With the publication of a book, there was always the possibility that someone would stumble upon it at a much future date. Publication was about social recognition and a stamp of approval from the society that there was at least some merit to the words. The pesky one and zero that digitized everything changed that – the one and the zero don’t discriminate, they accept all comers. I’m laughing a little bit this morning when I think back to the dismay I used to get walking into Barnes and Noble and wondering how even if I managed to get a copy of my book on the shelf would it ever get read, there were so many choices. I had no clue. It is a million, possibly a billion times worse than I ever imagined. (Translation technology is improving at such a rate that it is going to be easier than ever to translate books between languages, so for us English writers, the competition is about to jump by about 4-5 billion more potential authors.)

So I’ve dreamed a new dream. I haven’t always followed through on adapting to rapidly changing things, but I still have the same desire to be published, but I’m going to do it for a new digital age.

1. First I’m going to take a page out of Facebook and look for friends for my writing and friends for me. This is the replication of my own author focused friendships I’ve developed over the years.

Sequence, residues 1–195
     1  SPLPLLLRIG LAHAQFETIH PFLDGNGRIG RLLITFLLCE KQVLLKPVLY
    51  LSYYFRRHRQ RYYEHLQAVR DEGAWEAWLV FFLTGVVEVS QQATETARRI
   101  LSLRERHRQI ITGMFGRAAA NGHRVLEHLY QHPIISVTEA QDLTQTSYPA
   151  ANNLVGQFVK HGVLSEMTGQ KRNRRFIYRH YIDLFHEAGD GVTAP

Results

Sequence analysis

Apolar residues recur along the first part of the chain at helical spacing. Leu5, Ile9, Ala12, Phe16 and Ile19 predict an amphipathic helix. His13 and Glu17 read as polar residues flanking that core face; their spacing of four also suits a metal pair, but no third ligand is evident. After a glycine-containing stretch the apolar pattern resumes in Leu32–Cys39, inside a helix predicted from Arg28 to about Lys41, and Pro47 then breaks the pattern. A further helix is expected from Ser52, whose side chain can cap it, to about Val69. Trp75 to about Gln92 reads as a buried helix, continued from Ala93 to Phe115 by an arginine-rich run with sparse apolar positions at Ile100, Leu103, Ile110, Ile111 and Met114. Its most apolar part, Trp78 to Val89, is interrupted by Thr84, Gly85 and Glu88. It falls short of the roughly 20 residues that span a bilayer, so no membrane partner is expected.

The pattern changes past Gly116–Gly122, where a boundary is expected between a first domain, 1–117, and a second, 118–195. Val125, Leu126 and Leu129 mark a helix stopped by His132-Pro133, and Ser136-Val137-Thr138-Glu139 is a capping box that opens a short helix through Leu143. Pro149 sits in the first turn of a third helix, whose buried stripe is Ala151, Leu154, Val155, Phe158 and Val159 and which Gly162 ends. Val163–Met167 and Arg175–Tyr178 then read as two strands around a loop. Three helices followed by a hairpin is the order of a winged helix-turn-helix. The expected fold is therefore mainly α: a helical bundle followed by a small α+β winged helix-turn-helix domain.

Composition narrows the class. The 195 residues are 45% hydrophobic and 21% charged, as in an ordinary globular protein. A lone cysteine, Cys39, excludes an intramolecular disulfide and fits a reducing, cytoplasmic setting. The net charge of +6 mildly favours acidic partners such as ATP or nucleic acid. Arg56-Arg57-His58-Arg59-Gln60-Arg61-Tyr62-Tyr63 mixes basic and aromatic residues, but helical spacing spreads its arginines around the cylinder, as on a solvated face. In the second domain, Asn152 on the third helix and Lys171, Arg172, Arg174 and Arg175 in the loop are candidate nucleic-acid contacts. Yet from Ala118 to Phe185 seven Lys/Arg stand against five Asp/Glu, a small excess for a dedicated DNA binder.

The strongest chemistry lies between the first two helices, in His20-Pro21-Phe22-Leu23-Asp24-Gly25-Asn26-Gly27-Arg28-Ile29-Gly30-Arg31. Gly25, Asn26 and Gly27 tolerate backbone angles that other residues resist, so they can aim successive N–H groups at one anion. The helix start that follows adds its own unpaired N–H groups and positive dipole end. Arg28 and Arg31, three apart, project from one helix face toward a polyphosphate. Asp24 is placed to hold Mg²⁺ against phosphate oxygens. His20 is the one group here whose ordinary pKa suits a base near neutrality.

2. I’m going take a page out of Blogger and Word Press and use the ease of publication and search to create a digital persona for myself that will hopefully stick around for awhile after I’m gone.

3. I’m going to take a page out of Google and include everything and make my digital persona searchable.

4. I’m going to take a page from the publishing industry and provide human editorial control over the content. Having everything is cool, but time consuming for a reader. Editorial control allows for different layers of friends from the mere acquaintance to the best friend that knows everything about you.

5. I’m going to take a page out of cloud computing and move my information, writing and digital persona out of my laptop and office and on to the cloud of the new Olympus, a digitally replicating and growing Colossus of new information. It is out of that Colossus’ Chaos that a new world is being created.

6. I am going to take a page out of my upbringing and look for integrity in my digital persona, so that it matches up completely with the flesh and blood version. Those who know me will wonder how this is even conceivable given the numerous facets of my identity, but I’m becoming more convinced that privacy, especially as an author, is a rapidly dying concept. Creating an integrated digital persona is the only method to eliminate privacy concerns. We are all celebrities now.

So far my new book is only six pages of infinite length or at least the length of a lifetime.